Saturday, April 19, 2014

Valentine's Sandals

Valentine weighed in at 4 lb. 9 oz at birth. Full term. Soaking wet. We discovered it runs in the Burmese side of the family. Needless to say, she may be 7 1/2 months old, but her clothes are still 3-6 mo. And she still wears newborn shoes.

It's a real pill to spend $15 on shoes made of fabric, that she'll maybe wear for a few more minutes. So, in the interest of making something unique and well-fitted for Easter, I took matters in my own hands (and a few other assorted tools).

Tada! (These cost me nothing, because I had everything on hand. But at best, you're out the cost of a whole bag of scrap stiff leather from Hobby Lobby, which is maybe $6 after the coupon, and obvs = more projects.)

Wanna learn how? You need 1-2 hours of time, and the instructions after the jump.

So, Supplies:

The sharpening tool is for the craft knife, which must be absolutely sharp for best results. The lighter is optional, if your ribbon (not pictured) needs the ends melted. Also not pictured: baby foot, leather.

Step one: Get squirmy baby to stay still long enough to trace his/her foot. Valentine didn't think I needed a picture of her foot for my tutorial, so you get the product without cute chubby baby toes.

Step two: cut this out, and trace around it to create the following design. Important Note: Add just a teensy bit of room around the edge as you trace, and make your, uh... flap thingies longer than I did. You'll see my fix below, in a couple photos.

I taped a tailored, longer flap after trying the paper template on her
Step 3: Trace onto some stiff leather. Color up to you.

Make sure you flip your template for the second tracing, so you have both a left and right sandal.

Step 4: Wet, and cut, and wet, and cut, and wet, and cut ad nauseam. Let me share with you what works. Craft knife. Sharp craft knife. Craft knife = workie. Scissors = no workie. I did all kinds of test cuts so you won't have to. I used a dropper to wet the line I'm cutting. Wet leather cuts more uniformly.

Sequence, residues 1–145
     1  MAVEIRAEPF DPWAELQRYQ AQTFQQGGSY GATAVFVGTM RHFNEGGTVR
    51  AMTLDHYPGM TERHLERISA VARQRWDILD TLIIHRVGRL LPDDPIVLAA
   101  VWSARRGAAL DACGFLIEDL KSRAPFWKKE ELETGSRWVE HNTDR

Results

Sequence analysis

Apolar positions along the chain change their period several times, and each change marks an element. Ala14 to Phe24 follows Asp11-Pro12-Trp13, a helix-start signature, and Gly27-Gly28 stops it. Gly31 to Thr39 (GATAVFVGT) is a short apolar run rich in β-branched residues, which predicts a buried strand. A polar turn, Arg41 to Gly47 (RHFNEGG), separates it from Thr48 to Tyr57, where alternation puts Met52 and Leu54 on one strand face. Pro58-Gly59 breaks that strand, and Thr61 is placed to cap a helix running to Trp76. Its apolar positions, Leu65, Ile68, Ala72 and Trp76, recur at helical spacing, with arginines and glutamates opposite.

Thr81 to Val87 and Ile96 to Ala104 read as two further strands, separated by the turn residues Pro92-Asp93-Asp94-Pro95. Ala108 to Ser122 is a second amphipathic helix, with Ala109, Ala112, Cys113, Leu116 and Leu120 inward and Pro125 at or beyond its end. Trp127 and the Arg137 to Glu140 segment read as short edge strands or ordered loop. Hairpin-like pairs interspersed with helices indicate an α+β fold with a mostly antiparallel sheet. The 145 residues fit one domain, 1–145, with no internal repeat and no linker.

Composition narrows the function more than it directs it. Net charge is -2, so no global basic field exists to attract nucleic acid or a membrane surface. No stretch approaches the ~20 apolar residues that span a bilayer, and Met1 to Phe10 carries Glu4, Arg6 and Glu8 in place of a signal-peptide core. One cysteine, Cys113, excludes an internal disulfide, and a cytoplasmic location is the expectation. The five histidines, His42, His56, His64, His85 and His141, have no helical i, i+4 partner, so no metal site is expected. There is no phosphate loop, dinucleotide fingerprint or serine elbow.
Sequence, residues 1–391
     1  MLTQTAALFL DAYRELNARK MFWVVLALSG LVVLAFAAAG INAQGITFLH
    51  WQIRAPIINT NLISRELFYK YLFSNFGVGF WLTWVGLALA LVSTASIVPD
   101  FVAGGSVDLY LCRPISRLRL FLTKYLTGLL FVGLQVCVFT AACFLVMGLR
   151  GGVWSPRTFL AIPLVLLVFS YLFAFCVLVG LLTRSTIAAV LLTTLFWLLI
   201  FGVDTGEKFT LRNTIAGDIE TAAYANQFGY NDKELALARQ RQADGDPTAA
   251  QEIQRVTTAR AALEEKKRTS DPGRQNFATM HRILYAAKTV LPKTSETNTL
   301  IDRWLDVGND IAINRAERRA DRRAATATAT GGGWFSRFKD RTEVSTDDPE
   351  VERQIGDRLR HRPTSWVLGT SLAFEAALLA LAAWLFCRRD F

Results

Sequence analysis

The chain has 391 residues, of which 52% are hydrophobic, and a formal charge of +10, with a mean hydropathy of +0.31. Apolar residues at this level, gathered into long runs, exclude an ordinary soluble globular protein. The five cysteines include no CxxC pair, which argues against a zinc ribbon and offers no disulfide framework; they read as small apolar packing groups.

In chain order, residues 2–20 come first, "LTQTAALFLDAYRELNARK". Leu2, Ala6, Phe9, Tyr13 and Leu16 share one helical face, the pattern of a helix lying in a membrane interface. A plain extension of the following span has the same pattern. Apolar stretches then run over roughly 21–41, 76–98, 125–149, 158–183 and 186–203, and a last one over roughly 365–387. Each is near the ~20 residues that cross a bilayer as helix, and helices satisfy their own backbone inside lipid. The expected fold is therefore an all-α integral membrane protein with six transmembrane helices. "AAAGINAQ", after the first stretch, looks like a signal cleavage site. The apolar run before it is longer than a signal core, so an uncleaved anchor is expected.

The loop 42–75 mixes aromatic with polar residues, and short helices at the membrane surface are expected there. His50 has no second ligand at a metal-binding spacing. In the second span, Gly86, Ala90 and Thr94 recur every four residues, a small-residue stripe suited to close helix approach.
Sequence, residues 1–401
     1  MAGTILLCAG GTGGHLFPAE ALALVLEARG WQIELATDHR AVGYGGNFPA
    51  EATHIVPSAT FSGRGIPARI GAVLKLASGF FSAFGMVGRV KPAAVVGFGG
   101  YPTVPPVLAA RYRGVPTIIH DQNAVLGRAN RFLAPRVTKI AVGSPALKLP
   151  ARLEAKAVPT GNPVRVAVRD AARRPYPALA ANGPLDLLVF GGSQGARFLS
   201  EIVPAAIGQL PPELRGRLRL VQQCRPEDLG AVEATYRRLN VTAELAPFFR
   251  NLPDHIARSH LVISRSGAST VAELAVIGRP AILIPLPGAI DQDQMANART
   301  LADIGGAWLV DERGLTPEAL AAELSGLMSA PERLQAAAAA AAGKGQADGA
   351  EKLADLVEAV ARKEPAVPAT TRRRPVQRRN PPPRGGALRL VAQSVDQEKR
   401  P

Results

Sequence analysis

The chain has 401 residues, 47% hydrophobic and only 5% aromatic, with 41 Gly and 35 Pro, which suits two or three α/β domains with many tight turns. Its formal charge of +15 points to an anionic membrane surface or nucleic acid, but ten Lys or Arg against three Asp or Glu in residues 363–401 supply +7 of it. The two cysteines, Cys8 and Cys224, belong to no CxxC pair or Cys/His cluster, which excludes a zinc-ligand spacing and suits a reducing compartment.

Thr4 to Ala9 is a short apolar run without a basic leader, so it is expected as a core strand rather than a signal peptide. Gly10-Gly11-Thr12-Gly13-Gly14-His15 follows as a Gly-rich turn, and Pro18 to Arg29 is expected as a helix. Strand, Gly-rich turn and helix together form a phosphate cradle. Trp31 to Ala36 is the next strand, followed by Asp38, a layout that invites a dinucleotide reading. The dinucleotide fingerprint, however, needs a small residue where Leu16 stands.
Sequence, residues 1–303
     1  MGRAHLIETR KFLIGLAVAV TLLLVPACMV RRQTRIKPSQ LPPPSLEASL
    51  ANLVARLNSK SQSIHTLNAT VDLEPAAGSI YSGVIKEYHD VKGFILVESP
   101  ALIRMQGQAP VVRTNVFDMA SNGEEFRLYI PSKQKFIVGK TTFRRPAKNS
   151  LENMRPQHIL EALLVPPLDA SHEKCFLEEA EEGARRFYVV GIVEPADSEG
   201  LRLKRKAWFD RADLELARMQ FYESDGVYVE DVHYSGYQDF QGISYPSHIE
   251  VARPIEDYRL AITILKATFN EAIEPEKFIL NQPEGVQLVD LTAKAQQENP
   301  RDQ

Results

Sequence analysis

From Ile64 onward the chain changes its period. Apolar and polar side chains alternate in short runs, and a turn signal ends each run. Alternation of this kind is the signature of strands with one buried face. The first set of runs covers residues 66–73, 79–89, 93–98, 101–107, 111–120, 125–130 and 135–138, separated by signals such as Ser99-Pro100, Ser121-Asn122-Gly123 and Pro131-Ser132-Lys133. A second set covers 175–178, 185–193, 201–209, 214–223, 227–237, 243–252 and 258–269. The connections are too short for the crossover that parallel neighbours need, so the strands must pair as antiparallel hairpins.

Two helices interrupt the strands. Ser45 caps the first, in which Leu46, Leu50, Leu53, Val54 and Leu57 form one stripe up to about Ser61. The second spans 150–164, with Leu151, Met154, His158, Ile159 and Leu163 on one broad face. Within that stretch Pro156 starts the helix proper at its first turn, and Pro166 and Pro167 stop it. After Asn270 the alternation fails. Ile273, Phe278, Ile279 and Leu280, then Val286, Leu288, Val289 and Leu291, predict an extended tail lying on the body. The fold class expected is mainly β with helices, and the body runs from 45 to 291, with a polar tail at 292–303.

Also, I use undying love of a husband to empower me and give me stamina and the hope to carry on. Sorry. Husband took over the blog for a sec. :/

Also, I use the knife sharpener on the craft knife between each cut. A metal ruler can ensure long lines are straight.

Step 5: mark and punch ribbon/lacing holes. Could probably use an awl, if you don't have a leather hole puncher.

Optional: wet leather, bend, and press at key points.

Lastly: admire yourself your handiwork.

These could be doo-dadded up in all kinds of ways. Studs. Leather laces. Different colors. Even the way the laces operate could be different. I'll be doing more as she grows. Kinda want some for me...

(Possibly) Linking Here:






  1. Love these! My youngest was 3 lb 11 oz, and I remember how hard it was to find shoes OR socks that fit!

    1. Oh my, how teeny! I followed up on your blog (amazing party for the teens -- I'd have been in heaven), and am happy to see you have a healthy kiddo!

  2. Adorable! I have tons of leather samples from a furniture store, and I need to make some of these right now... I'm glad I found your post through the Mondays Fundays link party.

    1. So glad they inspired you! I've been having too much fun working with leather lately.

  3. These are darling! And this fantastic pattern could be used to create so many other versions. Thank you for sharing!

    1. I agree! I'm wanting to try a mix of soft and stiff leathers next. More complex, but hopefully, equally cute!

  4. These are just so darned cute!

    1. Thanks! I'm excited to try to do some variations on the same design.

  5. Thanks so much for linking up to Your Whims Wednesday, I featured this on my blog today! Come stop by and grab a featured button :)

    1. Thank you so much, Rebecca! I am so glad they captured your fancy!